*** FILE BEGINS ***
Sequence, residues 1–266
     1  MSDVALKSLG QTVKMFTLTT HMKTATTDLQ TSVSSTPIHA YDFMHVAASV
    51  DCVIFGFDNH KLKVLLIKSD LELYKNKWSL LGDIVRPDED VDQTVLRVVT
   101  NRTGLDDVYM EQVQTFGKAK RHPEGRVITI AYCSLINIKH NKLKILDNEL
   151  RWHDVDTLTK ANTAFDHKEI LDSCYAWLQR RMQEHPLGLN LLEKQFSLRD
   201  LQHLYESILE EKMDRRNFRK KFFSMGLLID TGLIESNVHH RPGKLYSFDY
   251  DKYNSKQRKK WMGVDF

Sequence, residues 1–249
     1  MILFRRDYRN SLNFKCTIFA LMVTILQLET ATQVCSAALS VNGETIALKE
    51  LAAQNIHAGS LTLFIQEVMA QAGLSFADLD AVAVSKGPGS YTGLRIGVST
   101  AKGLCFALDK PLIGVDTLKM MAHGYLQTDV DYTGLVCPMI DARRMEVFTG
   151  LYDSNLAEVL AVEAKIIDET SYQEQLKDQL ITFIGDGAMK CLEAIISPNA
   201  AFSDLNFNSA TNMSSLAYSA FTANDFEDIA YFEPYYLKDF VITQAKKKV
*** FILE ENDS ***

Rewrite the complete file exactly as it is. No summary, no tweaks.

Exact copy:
Sequence, residues 1–266
     1  MSDVALKSLG QTVKMFTLTT HMKTATTDLQ TSVSSTPIHA YDFMHVAASV
    51  DCVIFGFDNH KLKVLLIKSD LELYKNKWSL LGDIVRPDED VDQTVLRVVT
   101  NRTGLDDVYM EQVQTFGKAK RHPEGRVITI AYCSLINIKH NKLKILDNEL
   151  RWHDVDTLTK ANTAFDHKEI LDSCYAWLQR RMQEHPLGLN LLEKQFSLRD
   201  LQHLYESILE EKMDRRNFRK KFFSMGLLID TGLIESNVHH RPGKLYSFDY
   251  DKYNSKQRKK WMGVDF

Sequence, residues 1–249
     1  MILFRRDYRN SLNFKCTIFA LMVTILQLET ATQVCSAALS VNGETIALKE
    51  LAAQNIHAGS LTLFIQEVMA QAGLSFADLD AVAVSKGPGS YTGLRIGVST
   101  AKGLCFALDK PLIGVDTLKM MAHGYLQTDV DYTGLVCPMI DARRMEVFTG
   151  LYDSNLAEVL AVEAKIIDET SYQEQLKDQL ITFIGDGAMK CLEAIISPNA
   201  AFSDLNFNSA TNMSSLAYSA FTANDFEDIA YFEPYYLKDF VITQAKKKV